My point is, there are a ton of factors that come in to play when it comes to audio work and processor speed. Optimization (especially in Windows 10) is huge and can make a big difference in performance. There are some great Windows 10 performance tweaking sites out there that can help with this. Some great processors that I can recommend for audio based on real world results are....

Intel I7 2600K
Intel I5 4440
intel I7 3770
Intel I5 7600k
Intel I7 4790 and 4790k

Anyway, hope something in here helps and If I can think of any others that impressed me I'll try to drop in and share those as well. Cheers
I have a 2600k and is considering upgrading to 8700k. Your post got my curious, however, so if you could point me in a direction for things I could try to optimize in windows 10. Do you have any good links to share how to go about doing this? :puf_smile:

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jjpscott01
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Location: USA

Post 17 Apr 2018

Yeah there is a guy on Youtube has an optimization guide for windows 10 that is almost identical to how I do machines I build. Here is the link. https://www.youtube.com/watch?v=SaYbFmB2rDw&t=32s Its a half hour long video but it's the best and most thorough I've seen thus far. Hope this helps and If you have any questions I'll try and check back on this thread.
| REASON 9 | STUDIO ONE PRO 3 | SAMPLITUDE PROX2 | BALANCE | PRESONUS TUBEPRE V2 | ERIS E5 MONITORS | ESP LTD TE-212 | MXL MICS | LES PAUL TRADITIONAL PRO II | NEKTAR KEYBOARDS |[/color] :reason: :re: :PUF_balance: :refill:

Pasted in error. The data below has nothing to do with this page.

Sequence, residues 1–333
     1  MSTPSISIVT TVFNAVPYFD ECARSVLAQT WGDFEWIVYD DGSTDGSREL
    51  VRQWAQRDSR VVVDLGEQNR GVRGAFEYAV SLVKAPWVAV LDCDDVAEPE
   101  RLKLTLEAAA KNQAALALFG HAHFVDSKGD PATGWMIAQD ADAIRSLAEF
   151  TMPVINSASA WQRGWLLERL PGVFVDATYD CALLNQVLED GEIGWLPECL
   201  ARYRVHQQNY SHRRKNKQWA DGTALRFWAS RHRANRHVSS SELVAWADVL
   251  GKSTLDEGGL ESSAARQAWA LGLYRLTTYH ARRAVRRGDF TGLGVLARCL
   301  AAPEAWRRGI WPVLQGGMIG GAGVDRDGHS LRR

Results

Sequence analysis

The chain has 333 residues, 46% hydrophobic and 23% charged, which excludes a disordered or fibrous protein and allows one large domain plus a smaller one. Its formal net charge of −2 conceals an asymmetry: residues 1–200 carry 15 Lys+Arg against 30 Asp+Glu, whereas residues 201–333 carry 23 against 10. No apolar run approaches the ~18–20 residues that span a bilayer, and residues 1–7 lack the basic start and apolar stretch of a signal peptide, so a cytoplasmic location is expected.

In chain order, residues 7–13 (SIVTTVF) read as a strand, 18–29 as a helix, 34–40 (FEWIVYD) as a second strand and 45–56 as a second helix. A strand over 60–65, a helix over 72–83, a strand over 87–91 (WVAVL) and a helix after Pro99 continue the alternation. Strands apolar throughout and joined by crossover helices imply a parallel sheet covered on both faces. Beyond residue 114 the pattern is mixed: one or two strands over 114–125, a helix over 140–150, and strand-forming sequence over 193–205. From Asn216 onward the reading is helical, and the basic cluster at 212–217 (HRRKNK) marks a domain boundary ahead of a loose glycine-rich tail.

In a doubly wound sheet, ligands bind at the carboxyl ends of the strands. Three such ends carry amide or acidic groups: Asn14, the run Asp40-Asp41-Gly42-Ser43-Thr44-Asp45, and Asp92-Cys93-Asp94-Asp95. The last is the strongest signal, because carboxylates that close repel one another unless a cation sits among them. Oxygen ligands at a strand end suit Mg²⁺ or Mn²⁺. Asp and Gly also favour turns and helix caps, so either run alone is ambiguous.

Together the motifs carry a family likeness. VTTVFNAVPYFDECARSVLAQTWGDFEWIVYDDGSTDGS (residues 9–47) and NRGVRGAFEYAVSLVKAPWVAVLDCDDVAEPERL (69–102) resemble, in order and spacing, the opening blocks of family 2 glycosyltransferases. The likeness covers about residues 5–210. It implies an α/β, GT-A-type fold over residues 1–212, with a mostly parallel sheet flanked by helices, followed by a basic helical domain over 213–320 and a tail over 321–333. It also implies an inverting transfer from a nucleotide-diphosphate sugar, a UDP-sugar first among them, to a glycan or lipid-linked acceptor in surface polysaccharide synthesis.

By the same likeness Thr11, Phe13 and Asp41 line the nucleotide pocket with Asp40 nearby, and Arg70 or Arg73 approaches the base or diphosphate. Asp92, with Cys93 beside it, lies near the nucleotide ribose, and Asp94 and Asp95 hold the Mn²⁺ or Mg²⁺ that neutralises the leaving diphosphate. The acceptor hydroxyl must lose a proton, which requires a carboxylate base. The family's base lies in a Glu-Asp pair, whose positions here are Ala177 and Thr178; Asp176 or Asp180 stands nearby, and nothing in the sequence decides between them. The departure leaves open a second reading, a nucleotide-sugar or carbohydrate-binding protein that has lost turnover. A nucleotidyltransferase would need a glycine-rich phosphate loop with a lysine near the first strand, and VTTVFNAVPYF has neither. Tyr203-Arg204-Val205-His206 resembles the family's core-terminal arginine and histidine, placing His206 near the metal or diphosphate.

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avasopht
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Post 17 Apr 2018

jjpscott01 wrote:
15 Apr 2018
The benchmark scores for some of these would have you believe they can smoke any early generation processor but its just not the case.
It would be great if Reason had the Reason CPU stress test run during install (also available in the menu) to crowdsource CPU benchmarks, posting it to some ReasonTalk CPU benchmark database.
---

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jjpscott01
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Post 17 Apr 2018

avasopht wrote:
17 Apr 2018
jjpscott01 wrote:
15 Apr 2018
The benchmark scores for some of these would have you believe they can smoke any early generation processor but its just not the case.
It would be great if Reason had the Reason CPU stress test run during install (also available in the menu) to crowdsource CPU benchmarks, posting it to some ReasonTalk CPU benchmark database.
Yeah I agree this would be very helpful
| REASON 9 | STUDIO ONE PRO 3 | SAMPLITUDE PROX2 | BALANCE | PRESONUS TUBEPRE V2 | ERIS E5 MONITORS | ESP LTD TE-212 | MXL MICS | LES PAUL TRADITIONAL PRO II | NEKTAR KEYBOARDS |[/color] :reason: :re: :PUF_balance: :refill:

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Raveshaper
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Post 18 Apr 2018

SA Studio wrote:
14 Apr 2018
The software is bottlenecked out of the box with the CPU Limit set at 80%.

I just spoke with Mattias the other day on FB pointing out its an antiquated option that the last OS that would have benefited from it was Windows XP.